The Reader's guide to summer 2014 | Summer Guide | Chicago Reader

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The Reader's guide to summer 2014

Three road trips, dozens of farmer's markets, an avalanche of festivals, our favorite restaurant patios, and 110 things to do every day from now till Labor Day

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It would be pretty easy to keep griping about this past winter—you know, the coldest four-month period on record in these parts. And now that it's summer, who doesn't want to kick back and put in minimal effort? So guess what? Winter sucked. It sucked hard. The long underwear, the salt stains, the heating bills, the agoraphobia, the snow, the sleet, the sludge. At a certain rock-bottom point even the best of us would've traded his or her firstborn for a weekend of lounging in a cramped, sun-beaten Chicago backyard, a cheap Mexican beer in hand and a toe dipped in a child-size inflatable pool. Sometimes the sweat beading on our brows is a sign that all is right with the world.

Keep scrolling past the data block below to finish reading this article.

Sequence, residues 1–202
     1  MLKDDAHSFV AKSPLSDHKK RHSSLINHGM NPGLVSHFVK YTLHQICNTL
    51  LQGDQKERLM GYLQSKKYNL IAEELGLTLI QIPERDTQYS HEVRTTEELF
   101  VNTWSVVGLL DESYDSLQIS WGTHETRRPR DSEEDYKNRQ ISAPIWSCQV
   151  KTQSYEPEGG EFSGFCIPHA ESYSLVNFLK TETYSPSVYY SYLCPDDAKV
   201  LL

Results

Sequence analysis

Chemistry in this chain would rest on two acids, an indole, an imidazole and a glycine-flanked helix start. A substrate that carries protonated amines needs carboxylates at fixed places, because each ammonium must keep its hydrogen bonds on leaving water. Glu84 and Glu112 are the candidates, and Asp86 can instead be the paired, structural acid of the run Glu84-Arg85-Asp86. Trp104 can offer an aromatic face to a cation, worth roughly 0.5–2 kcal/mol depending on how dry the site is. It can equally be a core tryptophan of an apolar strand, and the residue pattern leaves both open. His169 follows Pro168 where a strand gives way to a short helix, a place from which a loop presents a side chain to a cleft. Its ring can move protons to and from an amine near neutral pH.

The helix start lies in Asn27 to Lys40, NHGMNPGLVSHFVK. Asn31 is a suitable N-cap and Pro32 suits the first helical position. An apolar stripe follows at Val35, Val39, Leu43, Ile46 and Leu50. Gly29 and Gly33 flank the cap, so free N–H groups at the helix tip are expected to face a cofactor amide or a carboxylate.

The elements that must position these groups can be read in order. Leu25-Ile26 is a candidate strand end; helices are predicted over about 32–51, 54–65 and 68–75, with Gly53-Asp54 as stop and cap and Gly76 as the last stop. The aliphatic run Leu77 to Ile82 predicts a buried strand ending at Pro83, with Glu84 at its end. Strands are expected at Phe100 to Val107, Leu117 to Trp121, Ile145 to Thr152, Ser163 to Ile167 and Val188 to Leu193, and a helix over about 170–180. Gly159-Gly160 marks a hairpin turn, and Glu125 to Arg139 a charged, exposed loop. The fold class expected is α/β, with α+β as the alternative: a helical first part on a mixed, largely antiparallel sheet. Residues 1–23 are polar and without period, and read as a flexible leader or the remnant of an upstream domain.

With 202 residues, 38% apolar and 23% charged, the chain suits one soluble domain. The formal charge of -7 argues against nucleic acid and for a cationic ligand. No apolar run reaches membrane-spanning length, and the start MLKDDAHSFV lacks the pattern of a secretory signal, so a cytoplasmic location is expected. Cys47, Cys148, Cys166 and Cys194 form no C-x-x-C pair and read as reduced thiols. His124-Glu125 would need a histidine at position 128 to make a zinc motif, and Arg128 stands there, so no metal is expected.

So this summer is dedicated to heat. Let it rain down and inflict the gnarliest of pit stains. Let it microwave our brains into misremembering the Polar Vortex. And let it force us out of the house (and maybe even out of Chicago).

The Reader has ideas for making the most of summer. If you're looking to leave town, Wisconsin's Door County peninsula offers the magnificence of Instagram-ready woodland scenery—not to mention kayaking and yoga retreats, a good fish boil, and a huddle of goats at a pancake house. Or there's the, ahem, endearing attractions of the Quad Cities, the kinda metropolis composed of Davenport and Bettendorf in Iowa, Rock Island and Moline in Illinois: an A-level baseball stadium with a page ripped right out of Field of Dreams, a jazz festival dedicated to the memory of local cornet hero Bix Beiderbecke, and the John Deere Classic, a PGA stop named for the machinery behemoth headquartered in Moline. Or maybe you're up for an anthropological excursion to Benton Harbor, Michigan—formerly well populated by the House of David religious sect—and the Eden Springs amusement park that's slowly being rebuilt there.

Of course, you might not want to leave Chicago all summer long—and that's OK, too. Our agenda is filled with music festivals, fairs, farmers' markets, and plenty of outdoor patios for both eating and drinking. And if you want to put little to no effort into exploring all these things to the fullest—yes, you deserve a break—the Reader has constructed a mega 110-day calendar with something to do up to and through Labor Day. The heat is on. Kevin Warwick

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